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08:30 June 16, 2004)

Automakers may be creating a glut for tiny ultraluxury segment


By MARK RECHTIN | Automotive News

The CFO of 20th Century Fox Television is an admittedly impulsive spender on big-ticket items. When he realized his Lexus had 90,000 miles, he traded it that day for a new LS 430. While on vacation he enjoyed driving a Ford Mustang convertible, so he bought a $70,000 Mercedes CLK 500 cabriolet the day he returned.

Barron is a member of the hottest demographic segment in America - wealthy households. Last year, U.S. consumers purchased 16,000 vehicles priced more than $100,000, a 43 percent increase over 2002.

But if one adds up sales forecasts for luxury vehicles entering the United States in the next two years, affluent Americans would have to buy an additional 7,000 units a year. That would require 40 percent sales growth in a segment that was flat the year before sales spiked.

Automakers such as Lexus, Audi and Cadillac are planning to enter the $100,000-plus luxury segment. It's unclear if consumers like Barron are ready to spend so freely.

Says Barron: "I'm not one to take a chance on a limited-edition type car, where I need to worry how I'll get it serviced. I associate that with complex, expensive, hard-to-repair cars."

The industry's expectations of growth in the ultraluxury segment have some trend-watchers nervous. Said Susan Jacobs, who tracks the luxury automobile sector from Rutherford, N.J.: "There are a lot of affluent buyers looking for exclusive models. But are there enough to absorb all the targeted volume? Not really. I don't think everyone will meet their volume targets. Not everyone will sell out."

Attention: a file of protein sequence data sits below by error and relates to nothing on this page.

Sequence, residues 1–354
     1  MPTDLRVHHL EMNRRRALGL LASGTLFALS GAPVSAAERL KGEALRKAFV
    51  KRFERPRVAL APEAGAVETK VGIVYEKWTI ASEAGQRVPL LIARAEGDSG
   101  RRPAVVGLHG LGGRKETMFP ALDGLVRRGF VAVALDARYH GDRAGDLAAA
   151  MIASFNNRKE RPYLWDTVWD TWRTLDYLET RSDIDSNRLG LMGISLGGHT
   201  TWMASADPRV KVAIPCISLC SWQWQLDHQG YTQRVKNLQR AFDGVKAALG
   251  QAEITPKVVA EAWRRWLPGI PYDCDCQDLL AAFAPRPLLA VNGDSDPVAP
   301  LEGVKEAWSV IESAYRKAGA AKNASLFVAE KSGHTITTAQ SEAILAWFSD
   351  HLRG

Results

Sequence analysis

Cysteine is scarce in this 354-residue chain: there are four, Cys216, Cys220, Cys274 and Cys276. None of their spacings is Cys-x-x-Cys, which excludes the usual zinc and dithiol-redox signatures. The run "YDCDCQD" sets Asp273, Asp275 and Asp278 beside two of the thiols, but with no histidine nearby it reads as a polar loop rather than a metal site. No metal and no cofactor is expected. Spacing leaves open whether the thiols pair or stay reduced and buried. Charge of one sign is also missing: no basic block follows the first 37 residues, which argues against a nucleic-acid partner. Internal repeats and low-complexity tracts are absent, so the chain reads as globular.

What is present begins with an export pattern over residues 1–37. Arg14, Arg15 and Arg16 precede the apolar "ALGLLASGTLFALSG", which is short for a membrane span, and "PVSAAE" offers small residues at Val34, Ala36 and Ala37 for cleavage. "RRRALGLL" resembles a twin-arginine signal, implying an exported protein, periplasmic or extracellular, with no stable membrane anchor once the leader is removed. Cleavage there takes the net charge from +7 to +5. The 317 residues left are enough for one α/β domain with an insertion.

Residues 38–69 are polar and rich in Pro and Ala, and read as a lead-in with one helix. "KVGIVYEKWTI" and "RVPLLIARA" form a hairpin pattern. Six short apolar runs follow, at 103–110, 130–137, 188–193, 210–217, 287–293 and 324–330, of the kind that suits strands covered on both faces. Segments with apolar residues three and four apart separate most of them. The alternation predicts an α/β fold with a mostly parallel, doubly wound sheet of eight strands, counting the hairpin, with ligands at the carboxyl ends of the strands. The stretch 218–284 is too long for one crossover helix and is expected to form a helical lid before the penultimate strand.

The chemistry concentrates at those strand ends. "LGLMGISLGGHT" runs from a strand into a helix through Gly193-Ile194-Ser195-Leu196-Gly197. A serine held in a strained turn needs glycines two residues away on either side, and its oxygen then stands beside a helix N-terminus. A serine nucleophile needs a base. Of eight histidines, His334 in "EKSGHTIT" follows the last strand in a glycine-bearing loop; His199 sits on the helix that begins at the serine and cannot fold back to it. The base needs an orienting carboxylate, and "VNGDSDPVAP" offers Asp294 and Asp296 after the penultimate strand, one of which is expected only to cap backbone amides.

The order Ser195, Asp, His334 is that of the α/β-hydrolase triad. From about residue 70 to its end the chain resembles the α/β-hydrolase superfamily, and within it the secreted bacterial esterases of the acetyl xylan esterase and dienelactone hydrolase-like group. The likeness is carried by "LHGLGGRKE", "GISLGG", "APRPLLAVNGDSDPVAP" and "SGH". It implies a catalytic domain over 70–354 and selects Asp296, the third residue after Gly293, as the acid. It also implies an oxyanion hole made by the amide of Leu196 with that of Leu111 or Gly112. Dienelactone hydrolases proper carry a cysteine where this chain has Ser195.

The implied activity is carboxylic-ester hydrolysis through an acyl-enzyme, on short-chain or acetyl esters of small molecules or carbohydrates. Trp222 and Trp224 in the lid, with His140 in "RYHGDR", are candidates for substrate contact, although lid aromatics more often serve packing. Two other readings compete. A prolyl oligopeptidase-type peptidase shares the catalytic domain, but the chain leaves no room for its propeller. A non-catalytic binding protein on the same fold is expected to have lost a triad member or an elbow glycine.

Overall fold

According to the U.S. Census Bureau, nearly 1.5 million households reported income of $250,000 or more in 2002, the most recent year for which statistics are available. Conventional wisdom suggests that's a big enough group to buy all luxury cars.

But Barron isn't so easy to pin down. Ask him to discuss his impulse purchases, and he talks as if he were buying his first Toyota Camry.

Words like "value" and "reliability" frequently crop up in conversation. Asked whether he considered a more expensive vehicle such as a $100,000 Maserati Quattroporte or a $160,000 Bentley Continental GT, Barron says no.

"A tuneup can't cost me $1,000," he said. "I don't need $500 tires. Plus, the flashier the car, the more people are going to want it and not necessarily in a good way. I don't need that."

Barron's attitude may be indicative of a trend. Wealthy consumers tend to be pragmatic about their vehicles, according to a survey by Unity Marketing, a market research firm in Stevens, Pa.

Unity Marketing interviewed individuals with an average income of $150,000, and found that they are leery of buying a product that costs more than some people's houses. They were especially leery of driving such vehicles among the uninsured masses and parking them at the supermarket.

Wealthy consumers also become price resistant when a vehicle's sticker price tops $150,000, says Eric Noble, president of The Car Lab consultancy in Orange, Calif. Noble has done marketability studies for several luxury carmakers.

His conclusion: The key price point seems to be $150,000. Below that price, there are plenty of potential buyers, Noble says. But significant sales volume beyond $150,000 is illusory.

"Rich buyers didn't get rich by being stupid," Noble says. "The truly rich don't want to look like it. And the wanna-look-rich people don't have that kind of coin."

Worse yet, makers of vehicles priced more than $150,000 are approaching the same list of potential buyers, down to the same names and addresses. "You live and die by unit counts in the tens or hundreds a month," Noble says. "The margin for error is very small."